I hesitated to write this, because as a white women it will come across as very, “look at me I’m not racist, I have friends of color.” I also know what I am about to say will be countered with “the fact that you don’t think about race is another sign of your privilege” and I totally get it. But I want to share with you all what I am doing personally to help change the world, because at the end of the day the only thing I can control is myself, and that’s the same for all of you. I had a wonderful weekend home in Tri-Cities, spent with my friends and acquaintances, and it wasn’t until my reflection in writing this article that I realized just how unintentionally diverse that group was. On Friday, my openly gay white male friend joined my very straight white male friends for a beer on a patio. On Saturday I split dinner with a friendly black male acquaintance who happened to also be dining solo at the bar beside me. Myself and 3 openly gay men had chips and margaritas at a local Mexican restaurant, and later one of my friends joined who is a ruggedly handsome ladies man from a Podunk mountain town in NC, drives an old F-150 and speaks with an accent that’s as country as cornbread. My white straight girlfriends and I had a great meal Tuesday with my cross-dressing gay best friend and a handsome straight black former NFL player who exceeds 6’3” easily. I also shared drinks with my interracial female friend who is a respected local business owner and her white husband following their participation of the protests, as well as catching up with one of my close friends who is Indian.
It sounds absolutely bizarre for me to categorize all these people by their skin color and sexuality, and I hope to never have to do it again because quite frankly it makes me sick. Human beings are far more complex than their skintone or who they choose to have sex with. My point in breaking down my weekend for you, is that none of this ever crossed my mind when deciding where I was going to go and what I was going to do. As a white person, no, my race has never been problematic for me, so it doesn’t cross my mind, even in regards to when I get together groups of people. Thankfully, I’ve based all my relationships on kind human beings who also think with an open mind, so it’s not weird for these very masculine straight men to sit at a table with openly gay men. I have female friends who can go out for drinks with a large powerful dark-skinned man and never once worry about their safety.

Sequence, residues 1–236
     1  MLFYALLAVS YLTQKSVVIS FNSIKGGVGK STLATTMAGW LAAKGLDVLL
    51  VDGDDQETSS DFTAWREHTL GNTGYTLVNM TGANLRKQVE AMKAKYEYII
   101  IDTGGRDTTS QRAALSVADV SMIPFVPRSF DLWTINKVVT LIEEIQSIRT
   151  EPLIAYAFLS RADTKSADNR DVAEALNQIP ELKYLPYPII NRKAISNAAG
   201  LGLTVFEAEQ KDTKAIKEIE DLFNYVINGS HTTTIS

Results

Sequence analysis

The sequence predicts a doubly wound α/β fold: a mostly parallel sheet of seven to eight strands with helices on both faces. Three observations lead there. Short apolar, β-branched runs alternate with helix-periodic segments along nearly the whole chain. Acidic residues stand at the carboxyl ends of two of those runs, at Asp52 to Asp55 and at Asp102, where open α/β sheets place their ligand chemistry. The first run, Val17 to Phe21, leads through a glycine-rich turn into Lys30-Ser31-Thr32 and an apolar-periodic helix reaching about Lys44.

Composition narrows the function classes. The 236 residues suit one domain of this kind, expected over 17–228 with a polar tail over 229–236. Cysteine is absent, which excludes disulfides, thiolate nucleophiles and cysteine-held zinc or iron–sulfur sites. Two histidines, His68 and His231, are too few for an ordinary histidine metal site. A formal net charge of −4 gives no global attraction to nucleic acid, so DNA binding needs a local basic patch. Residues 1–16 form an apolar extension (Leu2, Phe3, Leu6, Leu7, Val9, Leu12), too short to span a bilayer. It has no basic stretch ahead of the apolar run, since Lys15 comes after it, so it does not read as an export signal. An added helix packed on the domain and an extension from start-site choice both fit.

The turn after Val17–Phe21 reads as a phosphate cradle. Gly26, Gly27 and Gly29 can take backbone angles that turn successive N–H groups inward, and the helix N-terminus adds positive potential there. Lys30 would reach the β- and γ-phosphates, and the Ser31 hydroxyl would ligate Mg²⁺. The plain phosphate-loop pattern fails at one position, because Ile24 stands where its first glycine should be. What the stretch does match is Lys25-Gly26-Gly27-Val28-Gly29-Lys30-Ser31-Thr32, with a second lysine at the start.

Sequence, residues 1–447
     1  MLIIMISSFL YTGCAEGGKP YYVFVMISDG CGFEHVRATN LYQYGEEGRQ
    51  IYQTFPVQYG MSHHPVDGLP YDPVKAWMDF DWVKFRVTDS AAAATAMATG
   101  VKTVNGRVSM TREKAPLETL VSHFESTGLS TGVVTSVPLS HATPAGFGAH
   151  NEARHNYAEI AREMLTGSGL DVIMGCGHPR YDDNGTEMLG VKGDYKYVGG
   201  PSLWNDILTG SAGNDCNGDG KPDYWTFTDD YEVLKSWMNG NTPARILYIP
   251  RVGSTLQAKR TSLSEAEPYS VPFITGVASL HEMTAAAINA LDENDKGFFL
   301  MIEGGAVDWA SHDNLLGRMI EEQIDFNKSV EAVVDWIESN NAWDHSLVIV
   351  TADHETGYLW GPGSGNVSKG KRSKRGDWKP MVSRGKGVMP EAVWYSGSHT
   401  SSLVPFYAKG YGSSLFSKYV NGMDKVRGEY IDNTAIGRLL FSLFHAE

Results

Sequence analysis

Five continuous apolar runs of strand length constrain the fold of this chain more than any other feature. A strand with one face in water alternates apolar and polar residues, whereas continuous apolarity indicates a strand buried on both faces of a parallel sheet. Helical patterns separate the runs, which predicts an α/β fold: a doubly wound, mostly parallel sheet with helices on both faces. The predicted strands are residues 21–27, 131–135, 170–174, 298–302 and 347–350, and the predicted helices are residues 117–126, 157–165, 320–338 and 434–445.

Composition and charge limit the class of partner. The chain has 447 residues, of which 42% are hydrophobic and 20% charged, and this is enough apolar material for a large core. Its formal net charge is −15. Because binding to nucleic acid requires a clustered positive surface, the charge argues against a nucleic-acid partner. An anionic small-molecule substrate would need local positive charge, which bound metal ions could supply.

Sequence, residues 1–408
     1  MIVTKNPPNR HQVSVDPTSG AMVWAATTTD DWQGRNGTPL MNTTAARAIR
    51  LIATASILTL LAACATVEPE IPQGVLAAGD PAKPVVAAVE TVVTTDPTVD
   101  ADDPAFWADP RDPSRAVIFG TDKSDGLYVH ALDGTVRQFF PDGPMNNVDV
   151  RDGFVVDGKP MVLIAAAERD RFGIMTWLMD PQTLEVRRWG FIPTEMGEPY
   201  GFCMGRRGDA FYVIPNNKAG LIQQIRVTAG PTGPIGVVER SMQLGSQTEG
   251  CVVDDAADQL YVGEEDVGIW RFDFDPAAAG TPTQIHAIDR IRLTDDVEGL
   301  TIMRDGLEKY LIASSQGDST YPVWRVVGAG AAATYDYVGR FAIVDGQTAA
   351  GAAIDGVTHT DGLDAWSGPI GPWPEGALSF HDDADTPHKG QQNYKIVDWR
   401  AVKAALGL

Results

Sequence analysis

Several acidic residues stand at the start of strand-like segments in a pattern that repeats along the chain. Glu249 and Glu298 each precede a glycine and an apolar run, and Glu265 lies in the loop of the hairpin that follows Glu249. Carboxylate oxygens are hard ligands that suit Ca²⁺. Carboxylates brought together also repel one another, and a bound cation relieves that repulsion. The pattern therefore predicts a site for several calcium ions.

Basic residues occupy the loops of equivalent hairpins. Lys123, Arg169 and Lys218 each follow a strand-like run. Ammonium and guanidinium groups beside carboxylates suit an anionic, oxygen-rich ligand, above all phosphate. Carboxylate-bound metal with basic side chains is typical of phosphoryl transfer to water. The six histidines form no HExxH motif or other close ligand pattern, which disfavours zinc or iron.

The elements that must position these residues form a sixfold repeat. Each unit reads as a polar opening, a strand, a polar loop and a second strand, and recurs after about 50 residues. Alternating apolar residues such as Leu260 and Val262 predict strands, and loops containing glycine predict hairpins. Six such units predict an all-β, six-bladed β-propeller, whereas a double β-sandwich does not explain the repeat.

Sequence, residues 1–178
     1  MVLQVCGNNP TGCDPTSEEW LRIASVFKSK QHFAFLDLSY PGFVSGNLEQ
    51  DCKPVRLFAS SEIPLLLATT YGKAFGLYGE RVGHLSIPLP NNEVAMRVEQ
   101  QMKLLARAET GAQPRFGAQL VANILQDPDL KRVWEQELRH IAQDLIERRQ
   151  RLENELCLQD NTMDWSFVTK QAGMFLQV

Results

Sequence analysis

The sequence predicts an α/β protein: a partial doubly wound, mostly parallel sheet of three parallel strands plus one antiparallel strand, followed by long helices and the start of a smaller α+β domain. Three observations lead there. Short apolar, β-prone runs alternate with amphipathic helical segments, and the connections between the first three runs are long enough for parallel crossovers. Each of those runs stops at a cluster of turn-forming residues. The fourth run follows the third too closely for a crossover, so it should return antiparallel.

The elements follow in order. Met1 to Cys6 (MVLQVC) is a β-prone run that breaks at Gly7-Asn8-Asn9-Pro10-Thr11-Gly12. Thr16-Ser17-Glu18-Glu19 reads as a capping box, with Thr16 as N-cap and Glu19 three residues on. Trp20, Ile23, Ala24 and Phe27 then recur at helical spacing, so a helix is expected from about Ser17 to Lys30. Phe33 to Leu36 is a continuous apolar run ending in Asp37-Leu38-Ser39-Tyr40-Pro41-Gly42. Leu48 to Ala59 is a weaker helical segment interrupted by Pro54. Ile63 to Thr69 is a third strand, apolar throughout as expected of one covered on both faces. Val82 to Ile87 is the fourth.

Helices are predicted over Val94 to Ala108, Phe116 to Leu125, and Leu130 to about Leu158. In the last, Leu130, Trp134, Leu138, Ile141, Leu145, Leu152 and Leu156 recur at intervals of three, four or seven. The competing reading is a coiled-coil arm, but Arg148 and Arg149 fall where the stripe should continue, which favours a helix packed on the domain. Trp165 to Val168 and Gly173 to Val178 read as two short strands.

My privilege is my weapon, as is my ability to think with an open mind, an open heart and not give a crap about what people think. Let’s start normalizing normalcy. It is perfectly normal for people of all walks of life to engage in day-to-day life; what’s not normal is marginalizing people simply because they don’t fit your same mold. The most important thing white people can do right now is to be inclusive of everyone, and start making it perfectly normal to see people of all races, backgrounds and sexualities spending time together. Stop talking for a bit and listen to minorities tell their stories in an attempt to just be a more empathetic human and grow a little. I can’t express how devastatingly boring my life would be if I surrounded myself only with people who look like me and had my life experiences, not to mention how stagnant because I would never learn anything new.
Because I write this almost a week before it is published, I never know what will have transpired between now and then. But I hope we’re all doing just a little bit better. Til next week!